A running club with weekly Group Runs in Aurora, IL., Montgomery, IL. and Oswego, IL.
The collective roar of the million and a half lined up on the streets for hours on end; the pounding footsteps of 45000 fellow runners gutting it through 26.2 miles; the 1 magnificent thrill that is the Chicago Marathon!
Chicago 2012 was a lost opportunity. At the time of registration, I was a brand new runner and a full marathon was a pipe dream. By the time October 2012 arrived, I was lamenting having missed the opportunity. When registration for Chicago 2013 was coming up, I was already in training for the Illinois Marathon in April which was going to be my first…but there was no doubt that I was going to run Chicago. And despite the website debacles that occurred… I was lucky to get registered.
Oct 13th 2013. The day arrived after an arduous summer of training that was plagued with distractions, injuries and a general lack of motivation. Having run the Illinois Marathon in April, I was no marathon virgin…but this was Chicago, one of the 6 World Marathon Majors! I would be running in the same race as 2:04 men Emmanuel Mutai of Kenya, Ayele Abshero of Ethiopia and other world class marathoners…These are guys I watched on TV at the Olympic games in 2012. The thought of being in the same starting lineup sent a shiver down my spine.
The alarm was not needed. I was up in the wee hours of the morning anyway. The tension in the hours leading to start was impalpable. The contrasting feelings of eagerness and self-doubts were rattling around in my head like a caged hamster. The Metra ride into the city was quiet at first but with every stop, more wide eyed runners hopped on with their gear, chewing on the last scraps of their carb-load and by the end of it, the rail-cars were bustling with the nervous chatter of hundreds.
As Jake, Ajay and I made the 10 block walk to the start it was still dark and the loud clangs of the volunteers setting up the barricades on Jackson only added to the anxiety “Yikes! We are going to be running here soon.” We got to the long line at Gate 1, but the minutes went by fast. Gear check, photo ops with the gang and before you know it, it was 15 minutes to the start of Wave 1 and I was still teeming to get into my start corral and settle in. The starter’s announcements seemed distant and muffled as I bobbed from side to side with eyes closed waiting for the gun to go off trying to recall every bit of advice, instructions and lessons learnt from the last few months.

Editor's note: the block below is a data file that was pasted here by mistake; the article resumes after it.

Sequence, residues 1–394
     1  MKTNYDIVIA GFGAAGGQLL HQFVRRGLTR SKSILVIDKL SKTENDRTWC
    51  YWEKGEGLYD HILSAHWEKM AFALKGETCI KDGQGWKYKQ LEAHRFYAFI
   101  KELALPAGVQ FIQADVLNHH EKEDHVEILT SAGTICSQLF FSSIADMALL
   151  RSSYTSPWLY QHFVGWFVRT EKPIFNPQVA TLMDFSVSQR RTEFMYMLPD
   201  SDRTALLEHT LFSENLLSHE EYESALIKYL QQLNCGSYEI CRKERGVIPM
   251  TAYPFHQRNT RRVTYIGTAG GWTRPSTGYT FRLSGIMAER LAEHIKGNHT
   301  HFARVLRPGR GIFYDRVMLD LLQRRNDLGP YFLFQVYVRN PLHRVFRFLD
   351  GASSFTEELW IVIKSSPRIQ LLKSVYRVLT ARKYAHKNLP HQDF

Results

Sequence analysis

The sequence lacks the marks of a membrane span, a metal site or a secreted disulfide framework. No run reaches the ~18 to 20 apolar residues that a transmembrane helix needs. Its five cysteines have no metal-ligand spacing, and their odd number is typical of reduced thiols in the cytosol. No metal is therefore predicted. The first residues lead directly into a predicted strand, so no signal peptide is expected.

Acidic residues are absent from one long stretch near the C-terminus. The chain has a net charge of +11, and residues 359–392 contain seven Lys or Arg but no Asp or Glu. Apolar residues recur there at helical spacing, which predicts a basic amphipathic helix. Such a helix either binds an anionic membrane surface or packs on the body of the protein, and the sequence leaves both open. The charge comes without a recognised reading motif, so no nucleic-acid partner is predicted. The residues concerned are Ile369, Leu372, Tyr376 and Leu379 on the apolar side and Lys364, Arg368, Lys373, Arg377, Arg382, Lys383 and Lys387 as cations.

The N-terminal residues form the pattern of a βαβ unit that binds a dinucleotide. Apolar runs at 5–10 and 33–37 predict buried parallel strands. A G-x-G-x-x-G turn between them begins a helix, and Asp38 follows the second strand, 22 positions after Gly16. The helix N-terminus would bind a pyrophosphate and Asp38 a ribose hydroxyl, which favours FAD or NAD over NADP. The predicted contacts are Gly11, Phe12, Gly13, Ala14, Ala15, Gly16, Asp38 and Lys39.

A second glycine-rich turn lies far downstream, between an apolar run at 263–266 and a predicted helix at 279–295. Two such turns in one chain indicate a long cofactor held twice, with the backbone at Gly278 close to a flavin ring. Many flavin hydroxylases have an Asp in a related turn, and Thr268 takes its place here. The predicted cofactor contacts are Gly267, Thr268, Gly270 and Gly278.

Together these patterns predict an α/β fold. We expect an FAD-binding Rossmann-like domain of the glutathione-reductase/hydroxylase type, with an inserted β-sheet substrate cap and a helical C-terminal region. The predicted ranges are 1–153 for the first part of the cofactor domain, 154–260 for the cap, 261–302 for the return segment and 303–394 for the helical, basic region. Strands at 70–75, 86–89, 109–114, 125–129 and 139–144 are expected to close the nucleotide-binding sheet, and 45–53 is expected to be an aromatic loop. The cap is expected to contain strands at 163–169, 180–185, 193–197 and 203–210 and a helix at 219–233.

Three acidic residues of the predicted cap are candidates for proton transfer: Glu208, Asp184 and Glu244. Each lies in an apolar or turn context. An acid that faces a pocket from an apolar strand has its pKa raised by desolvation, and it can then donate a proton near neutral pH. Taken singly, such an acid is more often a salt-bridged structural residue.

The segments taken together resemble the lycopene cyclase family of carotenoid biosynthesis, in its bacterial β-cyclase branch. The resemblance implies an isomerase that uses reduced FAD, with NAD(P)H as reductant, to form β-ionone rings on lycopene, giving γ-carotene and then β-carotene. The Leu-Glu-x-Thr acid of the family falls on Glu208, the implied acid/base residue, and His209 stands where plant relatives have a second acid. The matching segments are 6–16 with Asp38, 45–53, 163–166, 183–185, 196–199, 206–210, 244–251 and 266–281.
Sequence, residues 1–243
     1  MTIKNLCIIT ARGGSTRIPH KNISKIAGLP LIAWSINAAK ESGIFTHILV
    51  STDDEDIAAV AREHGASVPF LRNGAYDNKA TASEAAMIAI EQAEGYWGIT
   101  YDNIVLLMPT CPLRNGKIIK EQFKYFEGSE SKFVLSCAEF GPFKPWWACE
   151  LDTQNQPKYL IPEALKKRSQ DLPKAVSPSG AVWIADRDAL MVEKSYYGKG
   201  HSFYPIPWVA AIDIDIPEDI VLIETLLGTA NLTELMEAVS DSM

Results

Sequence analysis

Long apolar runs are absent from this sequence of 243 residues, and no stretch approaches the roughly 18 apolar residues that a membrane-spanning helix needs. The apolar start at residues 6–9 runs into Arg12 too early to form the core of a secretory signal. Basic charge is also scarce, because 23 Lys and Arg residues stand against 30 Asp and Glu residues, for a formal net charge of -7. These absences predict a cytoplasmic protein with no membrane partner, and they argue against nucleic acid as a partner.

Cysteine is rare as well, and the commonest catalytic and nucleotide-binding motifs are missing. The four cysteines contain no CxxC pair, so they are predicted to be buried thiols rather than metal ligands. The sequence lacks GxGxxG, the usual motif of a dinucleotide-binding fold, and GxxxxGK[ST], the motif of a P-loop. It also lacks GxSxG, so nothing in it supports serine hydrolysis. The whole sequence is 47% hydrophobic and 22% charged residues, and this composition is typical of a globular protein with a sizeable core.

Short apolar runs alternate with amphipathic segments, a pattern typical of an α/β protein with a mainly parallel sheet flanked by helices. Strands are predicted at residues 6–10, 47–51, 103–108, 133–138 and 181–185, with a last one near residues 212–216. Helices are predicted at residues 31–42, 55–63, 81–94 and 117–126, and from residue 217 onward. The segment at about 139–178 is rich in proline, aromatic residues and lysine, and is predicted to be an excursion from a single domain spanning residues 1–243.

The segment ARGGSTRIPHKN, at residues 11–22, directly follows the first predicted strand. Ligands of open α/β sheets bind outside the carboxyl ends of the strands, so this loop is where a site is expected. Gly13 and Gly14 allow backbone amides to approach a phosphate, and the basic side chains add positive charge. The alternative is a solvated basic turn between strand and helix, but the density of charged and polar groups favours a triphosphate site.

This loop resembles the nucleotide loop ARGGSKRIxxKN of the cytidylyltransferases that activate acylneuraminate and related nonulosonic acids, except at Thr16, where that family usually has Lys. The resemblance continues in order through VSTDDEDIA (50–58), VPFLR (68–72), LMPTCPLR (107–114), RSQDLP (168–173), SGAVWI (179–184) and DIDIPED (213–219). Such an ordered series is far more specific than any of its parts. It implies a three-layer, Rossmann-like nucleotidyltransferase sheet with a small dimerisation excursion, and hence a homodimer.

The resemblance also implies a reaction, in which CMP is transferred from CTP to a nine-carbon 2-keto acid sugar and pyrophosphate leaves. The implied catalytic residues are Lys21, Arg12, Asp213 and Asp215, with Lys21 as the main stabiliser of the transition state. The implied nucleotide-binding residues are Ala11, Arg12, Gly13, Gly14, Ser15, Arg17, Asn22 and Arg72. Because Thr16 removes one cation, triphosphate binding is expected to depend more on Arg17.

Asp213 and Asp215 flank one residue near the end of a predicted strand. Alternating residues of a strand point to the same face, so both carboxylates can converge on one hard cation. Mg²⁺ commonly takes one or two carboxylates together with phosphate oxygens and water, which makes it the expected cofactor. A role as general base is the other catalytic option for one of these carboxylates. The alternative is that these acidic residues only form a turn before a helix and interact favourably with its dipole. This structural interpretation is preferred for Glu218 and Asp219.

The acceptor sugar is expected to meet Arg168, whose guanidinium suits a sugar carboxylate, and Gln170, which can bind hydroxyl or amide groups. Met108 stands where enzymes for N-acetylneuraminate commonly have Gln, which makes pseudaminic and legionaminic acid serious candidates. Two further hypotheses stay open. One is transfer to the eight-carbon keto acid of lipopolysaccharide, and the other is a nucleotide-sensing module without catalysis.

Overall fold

Bang! At 7:30:10, the elites blazed away and behind them, the sea of humanity expanded forward onto the first mile like a giant snake awakening from a slumber. Every heartbeat registered a resounding thump in my chest as I crossed the start but it changed when I hit the running stride. Finally, it was happening, the tension eased away like melting butter and I got into rhythm.
The show on the sidelines was quite the spectacle. Every few miles had an adrenaline boosting visual – the juggler on stilts in Lakeview, the drummers in Lincoln park, the bands in Pilsen and Little Italy and the Dragon in Chinatown weaving through the masses. There was no part of the course that was barren of loud cheering spectators. My incredible support crew was all over the course to cheer me. Aparna with my brother Ganesh and his wife Latha spotted me at Mile 3, 12, 17, 23 and 26. My other brother Girish and his wife Lo spotted me at Mile 5 & 10. The initial miles peeled off with ease and I kept up a good pace for the first half.
The early morning chill slowly transformed to a late morning sun-fest. Though the temperature was still comfortable, the sun made its presence felt in the open areas. The legs started feeling heavy and the pace slowed as I made the turn onto Wentworth. A full minute per mile slower than when I started, the final long 3 mile stretch on Michigan seemed like an eternity. The distant sky-scrapers, where I knew the finish was, didn’t seem to be getting any closer. The sidelines thickened with the cheers and chants of the supporters “You’re almost there!”
The penultimate turn onto the incline on Roosevelt felt like there were bags of rocks tied to my thighs. Boy, for a flat course, they sure wanted every runner to remember that last hill. When I made the final turn to the finish, I was delighted and strangely dismayed that it would all be over in a few moments. I gave a loud long scream to sound off an unbelievable feeling across the finish. The outflow of joy continued and I could still maintain a decent walk (and my composure) as the people-movers pushed us through to the back of the runner finish area. It was over. What a thrill!
The crescendo lasted several days. The celebrity attention I got at home, with friends, at work was just incredible. Now why wouldn’t I want to do it all over again?
The Chicago Marathon, every year…a staple in my race calendar.